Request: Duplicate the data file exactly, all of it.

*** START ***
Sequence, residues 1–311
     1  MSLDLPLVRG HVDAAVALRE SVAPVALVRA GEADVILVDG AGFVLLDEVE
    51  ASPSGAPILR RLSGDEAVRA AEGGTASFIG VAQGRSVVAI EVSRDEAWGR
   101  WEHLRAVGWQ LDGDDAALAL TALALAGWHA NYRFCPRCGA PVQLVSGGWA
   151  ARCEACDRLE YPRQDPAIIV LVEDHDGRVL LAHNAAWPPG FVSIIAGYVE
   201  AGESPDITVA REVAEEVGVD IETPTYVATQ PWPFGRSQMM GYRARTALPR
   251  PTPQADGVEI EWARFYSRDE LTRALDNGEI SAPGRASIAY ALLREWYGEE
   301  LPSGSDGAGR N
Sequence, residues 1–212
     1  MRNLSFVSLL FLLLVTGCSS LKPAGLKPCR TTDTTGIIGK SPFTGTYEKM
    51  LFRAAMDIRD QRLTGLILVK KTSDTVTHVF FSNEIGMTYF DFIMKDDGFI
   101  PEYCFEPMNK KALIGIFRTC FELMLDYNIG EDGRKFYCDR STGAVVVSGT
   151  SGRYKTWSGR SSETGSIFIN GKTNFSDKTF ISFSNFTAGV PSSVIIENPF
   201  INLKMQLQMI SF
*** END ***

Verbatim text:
Sequence, residues 1–311
     1  MSLDLPLVRG HVDAAVALRE SVAPVALVRA GEADVILVDG AGFVLLDEVE
    51  ASPSGAPILR RLSGDEAVRA AEGGTASFIG VAQGRSVVAI EVSRDEAWGR
   101  WEHLRAVGWQ LDGDDAALAL TALALAGWHA NYRFCPRCGA PVQLVSGGWA
   151  ARCEACDRLE YPRQDPAIIV LVEDHDGRVL LAHNAAWPPG FVSIIAGYVE
   201  AGESPDITVA REVAEEVGVD IETPTYVATQ PWPFGRSQMM GYRARTALPR
   251  PTPQADGVEI EWARFYSRDE LTRALDNGEI SAPGRASIAY ALLREWYGEE
   301  LPSGSDGAGR N
Sequence, residues 1–212
     1  MRNLSFVSLL FLLLVTGCSS LKPAGLKPCR TTDTTGIIGK SPFTGTYEKM
    51  LFRAAMDIRD QRLTGLILVK KTSDTVTHVF FSNEIGMTYF DFIMKDDGFI
   101  PEYCFEPMNK KALIGIFRTC FELMLDYNIG EDGRKFYCDR STGAVVVSGT
   151  SGRYKTWSGR SSETGSIFIN GKTNFSDKTF ISFSNFTAGV PSSVIIENPF
   201  INLKMQLQMI SF